Although he’s only been playing for 10 years, Yirga is quite the sponge. His mix of folk vernacular and jazz improvisations in vintage Ethiopian tunes most recalls a similar folky fluency in South African pianist Abdullah Ibrahim, who likewise has no use for categories of high and popular art. Yirga ranges around even further on Guzo [his debut album] with his reworking of “I Am the Black Gold of the Sun,” originally recorded in 1971 by the group Rotary Connection. Yirga revitalizes the graceful beauty of the tune without going lush or sentimental. All that dates the track is the corny words, and those are handled with understatement by singers Nicolette and Mel Gara.
Samuel Yirga plays Ethiopian standards with a voracious talent that helps him savor each musical flavor.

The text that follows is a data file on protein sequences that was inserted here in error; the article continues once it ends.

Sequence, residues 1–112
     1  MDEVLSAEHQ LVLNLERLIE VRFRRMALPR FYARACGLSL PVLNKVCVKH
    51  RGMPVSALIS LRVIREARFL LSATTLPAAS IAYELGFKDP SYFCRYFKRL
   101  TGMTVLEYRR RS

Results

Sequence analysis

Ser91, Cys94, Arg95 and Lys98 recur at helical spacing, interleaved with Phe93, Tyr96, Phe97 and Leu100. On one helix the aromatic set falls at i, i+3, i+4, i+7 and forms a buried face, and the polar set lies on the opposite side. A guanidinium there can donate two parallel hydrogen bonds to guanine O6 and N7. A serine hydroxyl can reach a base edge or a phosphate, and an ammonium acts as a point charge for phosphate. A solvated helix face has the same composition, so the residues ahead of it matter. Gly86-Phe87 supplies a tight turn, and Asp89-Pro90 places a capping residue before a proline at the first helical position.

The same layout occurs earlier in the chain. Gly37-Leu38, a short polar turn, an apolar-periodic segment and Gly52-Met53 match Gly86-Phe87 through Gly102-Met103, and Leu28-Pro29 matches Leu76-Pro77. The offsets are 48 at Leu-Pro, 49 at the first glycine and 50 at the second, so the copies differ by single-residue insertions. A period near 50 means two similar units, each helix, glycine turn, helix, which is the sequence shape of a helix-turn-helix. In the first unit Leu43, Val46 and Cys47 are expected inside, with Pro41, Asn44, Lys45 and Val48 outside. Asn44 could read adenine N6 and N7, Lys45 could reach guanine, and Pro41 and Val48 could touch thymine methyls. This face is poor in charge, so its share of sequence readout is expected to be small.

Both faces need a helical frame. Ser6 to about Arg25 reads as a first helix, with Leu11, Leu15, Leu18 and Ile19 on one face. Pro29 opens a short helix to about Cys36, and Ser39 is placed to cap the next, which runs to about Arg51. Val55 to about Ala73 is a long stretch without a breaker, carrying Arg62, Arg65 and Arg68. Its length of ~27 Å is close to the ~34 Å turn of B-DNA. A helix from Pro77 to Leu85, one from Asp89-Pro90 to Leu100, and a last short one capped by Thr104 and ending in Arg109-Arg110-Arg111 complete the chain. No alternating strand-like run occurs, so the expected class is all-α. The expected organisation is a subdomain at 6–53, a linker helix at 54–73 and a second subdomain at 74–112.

I didn’t expect Guzo to be one of the stronger arguments for the album format I’ve heard in quite a while, but it is. Yirga finds his way into Ethiopian standards, displays his flair for jazz over solo and ensemble pieces, and performs effortless homages to vintage soul, holding everything together with voracious talent that helps him savor each musical flavor. This is much more impressive when Yirga develops momentum and unity over the course of 11 tracks that show how much more he is than his parts.
Be sure to check out Yirga’s website for extra music and videos, particularly a vibrant live recording in London. Those who want to hear him as part of a band should explore his work with the group Dub Colossus. And anyone who wants to know more about Ethiopian music in general should grab the recent anthology The Rough Guide to the Music of Ethiopia, which includes classics from the Golden Age as well as Samuel Yirga and other adventurous moderns. While the Golden Age of Ethiopian music is in the past, a new one may be beginning.